The Grand Canyon/Colorado River Oar Trip: Day 5, Part I

 

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July 18, 2017

On day five Julia Rose and I awake eager to begin our day on the Sandra. We have an easy job of packing up for the morning, since we don’t have a tent to break down, and after breakfast and helping load the rafts, we go wait for Greg to give us our special instructions for passengering on the Sandra.

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Lee’s Ferry, AZ, August 2016–The story of the Sandra goes back over a year before this day. A few years ago my wife and I made the decision that for their 16th birthdays, our daughters could choose a trip anywhere in the continental United States. Last summer, just after Julia Rose turned 15, our family was heading home following a vacation to Colorado, Utah, and Arizona. We stopped off at Lee’s Ferry so I could finally see the legendary put-in I’d read about for so many years. There were several groups getting ready to go down the river. A couple of private boaters had oar rafts rigged and ready to float, and there were some commercial trips getting ready. I watched a woman swamper rolling out a massive raft and inflate the air chambers, and I talked to one of the guides getting ready to take a group of scientists and elected officials, along with members of an American Indian tribe with cultural connections to the canyon gear up. Since it was late in the day the guides were rigging out the boats in preparation for a morning launch.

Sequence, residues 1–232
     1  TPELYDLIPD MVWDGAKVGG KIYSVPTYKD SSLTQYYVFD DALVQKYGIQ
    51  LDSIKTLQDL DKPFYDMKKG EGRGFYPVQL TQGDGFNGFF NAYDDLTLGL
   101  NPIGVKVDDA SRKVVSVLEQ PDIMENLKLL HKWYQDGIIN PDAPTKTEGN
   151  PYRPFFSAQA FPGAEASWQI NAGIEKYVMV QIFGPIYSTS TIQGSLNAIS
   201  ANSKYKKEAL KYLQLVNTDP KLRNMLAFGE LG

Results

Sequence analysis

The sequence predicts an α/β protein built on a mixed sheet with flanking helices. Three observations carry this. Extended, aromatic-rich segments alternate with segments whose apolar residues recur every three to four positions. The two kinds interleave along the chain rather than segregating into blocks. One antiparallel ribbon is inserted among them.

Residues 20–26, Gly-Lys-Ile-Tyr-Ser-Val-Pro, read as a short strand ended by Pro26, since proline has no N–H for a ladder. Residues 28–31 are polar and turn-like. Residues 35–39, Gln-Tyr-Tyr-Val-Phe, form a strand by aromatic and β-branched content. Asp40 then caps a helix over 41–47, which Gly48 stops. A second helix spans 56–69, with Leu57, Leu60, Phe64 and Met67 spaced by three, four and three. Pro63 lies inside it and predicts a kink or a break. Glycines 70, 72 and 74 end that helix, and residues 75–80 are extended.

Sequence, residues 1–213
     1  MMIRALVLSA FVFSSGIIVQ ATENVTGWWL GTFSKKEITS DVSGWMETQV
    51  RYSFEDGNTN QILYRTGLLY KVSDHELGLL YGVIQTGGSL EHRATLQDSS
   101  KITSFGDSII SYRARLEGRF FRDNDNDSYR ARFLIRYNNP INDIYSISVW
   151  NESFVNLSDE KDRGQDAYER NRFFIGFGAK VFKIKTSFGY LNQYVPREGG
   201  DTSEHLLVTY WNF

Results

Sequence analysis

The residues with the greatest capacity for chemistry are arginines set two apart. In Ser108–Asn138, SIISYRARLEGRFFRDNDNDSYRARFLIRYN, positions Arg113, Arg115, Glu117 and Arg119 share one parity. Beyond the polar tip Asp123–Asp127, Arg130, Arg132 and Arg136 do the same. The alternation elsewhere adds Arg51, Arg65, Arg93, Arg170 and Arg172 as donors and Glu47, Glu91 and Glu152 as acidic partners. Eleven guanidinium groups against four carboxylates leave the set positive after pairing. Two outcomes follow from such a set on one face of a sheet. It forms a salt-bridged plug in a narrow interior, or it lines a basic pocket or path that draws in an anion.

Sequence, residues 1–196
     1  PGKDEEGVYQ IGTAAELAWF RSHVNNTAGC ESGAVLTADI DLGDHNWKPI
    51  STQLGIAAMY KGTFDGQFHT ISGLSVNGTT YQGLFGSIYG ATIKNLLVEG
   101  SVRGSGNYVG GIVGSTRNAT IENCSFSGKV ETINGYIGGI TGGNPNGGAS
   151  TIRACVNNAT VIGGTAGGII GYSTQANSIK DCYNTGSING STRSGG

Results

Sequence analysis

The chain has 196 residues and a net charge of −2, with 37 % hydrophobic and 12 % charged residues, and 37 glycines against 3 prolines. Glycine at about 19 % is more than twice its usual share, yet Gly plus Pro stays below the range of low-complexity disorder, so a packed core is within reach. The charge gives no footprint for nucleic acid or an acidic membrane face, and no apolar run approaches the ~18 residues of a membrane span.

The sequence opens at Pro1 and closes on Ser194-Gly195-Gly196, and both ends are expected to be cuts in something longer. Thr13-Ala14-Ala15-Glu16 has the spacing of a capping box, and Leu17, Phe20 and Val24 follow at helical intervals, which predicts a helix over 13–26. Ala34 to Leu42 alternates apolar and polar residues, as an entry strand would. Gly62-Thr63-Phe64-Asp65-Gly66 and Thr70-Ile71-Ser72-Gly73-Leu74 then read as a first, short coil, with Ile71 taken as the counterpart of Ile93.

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Rigging a large motorized passenger raft at Lee’s Ferry, 2015

As I was Geeking out over the rafts, talking to guides and crew outfitting their boats, and explaining to Julia Rose what I knew about the river and the trips that went down it, she made the decision that she wanted to raft the Grand Canyon for her sixteenth birthday. The decision made me happy, since it meant that I would get to accompany her and finally get to live one of  my dreams.

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Norm Nevills at Bright Angel Beach, 1947 (courtesy Wikipedia)

As we headed toward home across Arizona, my wife scrolled through her phone, reading descriptions of the trip options for the following summer. As a boater, and as someone who knew that this might be my one chance to see the canyon from river level, I rejected trip after trip. Most of the trips were motorized, giant passenger rafts. I didn’t want the silence of the canyon to be marred by the sound of motors, and I didn’t want to sit on a giant raft like a passenger on a tour bus.  I wanted Julia Rose to experience the river on a smaller boat, where she could feel the size of the waves and get wet, where she could come to appreciate the artistry of a guide angling the boat into the waves and holes, where she could bail and pump water after a rapid, where she could experience the potential danger of a flipped raft and a cold swim, and where she could take in the wonders of the canyon, quietly reflecting on the flat sections, and talk to a guide one-on-one, and listen to his jokes and stories and take a turn on the oars in the slow water. I reasoned, correctly, that we were much more likely to encounter a higher quality of fellow clients on an oar trip–people like us who appreciate quiet wanted to engage with the river on a more personal level. As we drove, we focused in on the oar trips (much fewer than I anticipated), weighing options.

Lisa finally read a description of the upper canyon section of the river slated for mid-July, a trip that featured oar-rafts and no motorized support for the gear. The detail that sealed the deal, the one sentence that led me to choose Canyoneers, and our particular trip, was the fact that it featured a historic cataract boat built by Norm Nevills.